22. It is the correctness of this view that is challenged before us both under the Referring Order and by the learned counsel for the petitioner.
23. It may be pointed out at this stage that the same view of the term 'wife' as appearing in Section 488 of the old Code has been taken by other High Courts viz., by Mysore High Court in the case of Smt. Savithriamma v. V. N. Ramnarasimhaiah (1963) 1 Cri LJ 131 by Patna High Court in Bansidhar Jha v. Chhabi Chatterjee : AIR1967Pat277 , by the Allahabad High Court in Naurang Singh Chuni Singh v. Sapla Devi : AIR1968All412 and by Gujarat High Court in Bai Bhanbai Mavji v. Kanbi K. Devraj : AIR1970Guj137 even when the provisions of Hindu Marriage Act, 1955 were in force. A similar view on this aspect was also taken by this court (Masodkar J.) in the case of Smt. Rajeshbai v. Smt Shantabai : AIR1982Bom231 though we are not concerned in this case with the correctness of the other findings of the Court therein.
24. Under the provisions of Section 488 of the old Code, corresponding to S. 125 of the new Code a Magistrate can make an order of maintenance only in favour of wives, legitimate or illegitimate children or parent and no other. Therefore, before determining the application made to him on the basis that the applicant was 'wife' of the respondent, the Magistrate was required first to ascertain whether the applicant was a wife of the respondent and in case of dispute, record a finding. A plain dictionary meaning of the term 'wife' was either 'a married woman' or a 'a woman who is tied to a man in wedlock'. No woman could give herself a status of a 'wife' of another unless she was legally and validly married to the other.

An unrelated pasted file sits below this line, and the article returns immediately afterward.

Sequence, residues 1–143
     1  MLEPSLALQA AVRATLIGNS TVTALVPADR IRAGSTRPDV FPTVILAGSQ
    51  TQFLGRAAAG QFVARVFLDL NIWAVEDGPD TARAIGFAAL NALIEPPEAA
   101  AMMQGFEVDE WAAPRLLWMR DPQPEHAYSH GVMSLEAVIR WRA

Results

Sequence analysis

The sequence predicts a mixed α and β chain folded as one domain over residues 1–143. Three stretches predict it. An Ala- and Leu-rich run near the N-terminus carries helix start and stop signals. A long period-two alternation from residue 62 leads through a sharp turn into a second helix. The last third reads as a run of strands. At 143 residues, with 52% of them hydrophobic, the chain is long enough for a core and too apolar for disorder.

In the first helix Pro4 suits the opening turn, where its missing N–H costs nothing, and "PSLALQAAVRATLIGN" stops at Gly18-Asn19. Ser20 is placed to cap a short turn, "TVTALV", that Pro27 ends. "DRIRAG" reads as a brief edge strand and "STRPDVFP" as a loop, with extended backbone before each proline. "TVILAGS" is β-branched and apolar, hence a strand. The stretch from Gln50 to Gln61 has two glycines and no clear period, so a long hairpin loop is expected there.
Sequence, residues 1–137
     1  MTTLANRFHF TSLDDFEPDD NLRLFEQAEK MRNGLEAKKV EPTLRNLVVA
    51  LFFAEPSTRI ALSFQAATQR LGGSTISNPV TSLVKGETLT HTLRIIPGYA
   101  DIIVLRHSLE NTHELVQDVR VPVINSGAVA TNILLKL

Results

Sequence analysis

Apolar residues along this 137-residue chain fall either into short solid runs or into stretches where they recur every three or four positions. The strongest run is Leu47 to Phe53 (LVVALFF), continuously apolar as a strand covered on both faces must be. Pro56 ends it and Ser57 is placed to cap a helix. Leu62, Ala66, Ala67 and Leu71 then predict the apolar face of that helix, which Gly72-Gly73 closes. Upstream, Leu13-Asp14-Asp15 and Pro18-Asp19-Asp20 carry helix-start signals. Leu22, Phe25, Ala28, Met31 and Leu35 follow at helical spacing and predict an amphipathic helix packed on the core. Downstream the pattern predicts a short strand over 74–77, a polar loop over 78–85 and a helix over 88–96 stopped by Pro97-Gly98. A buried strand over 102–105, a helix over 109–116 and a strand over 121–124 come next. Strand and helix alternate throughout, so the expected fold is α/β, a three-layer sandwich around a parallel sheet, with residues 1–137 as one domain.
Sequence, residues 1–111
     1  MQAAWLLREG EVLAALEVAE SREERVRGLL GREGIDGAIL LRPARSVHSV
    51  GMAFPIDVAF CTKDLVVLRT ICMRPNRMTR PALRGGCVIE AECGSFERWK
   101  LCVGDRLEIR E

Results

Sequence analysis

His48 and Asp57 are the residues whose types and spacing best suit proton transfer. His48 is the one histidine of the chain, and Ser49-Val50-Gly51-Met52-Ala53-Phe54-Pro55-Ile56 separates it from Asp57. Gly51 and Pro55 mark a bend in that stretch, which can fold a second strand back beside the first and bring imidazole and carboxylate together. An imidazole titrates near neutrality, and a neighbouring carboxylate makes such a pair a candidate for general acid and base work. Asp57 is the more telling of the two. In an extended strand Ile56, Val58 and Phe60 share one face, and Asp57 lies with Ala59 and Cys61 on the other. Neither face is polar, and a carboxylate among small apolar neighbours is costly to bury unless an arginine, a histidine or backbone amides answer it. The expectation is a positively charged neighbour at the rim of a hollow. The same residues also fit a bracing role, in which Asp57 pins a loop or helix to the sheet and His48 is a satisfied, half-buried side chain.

25. As pointed out by the Supreme Court in aforecited decision in Zohra Khatoon's case : 2SCR910 in application under S. 488 of the old Code or Section 125 of the new Code consideration of the personal law of the parties as to the validity of marriage was not excluded and, therefore, the Magistrate exercising powers under S. 125 will have to determine whether the marriage of the woman-applicant to the respondent was valid in accordance with her personal law to give her a status of a wife.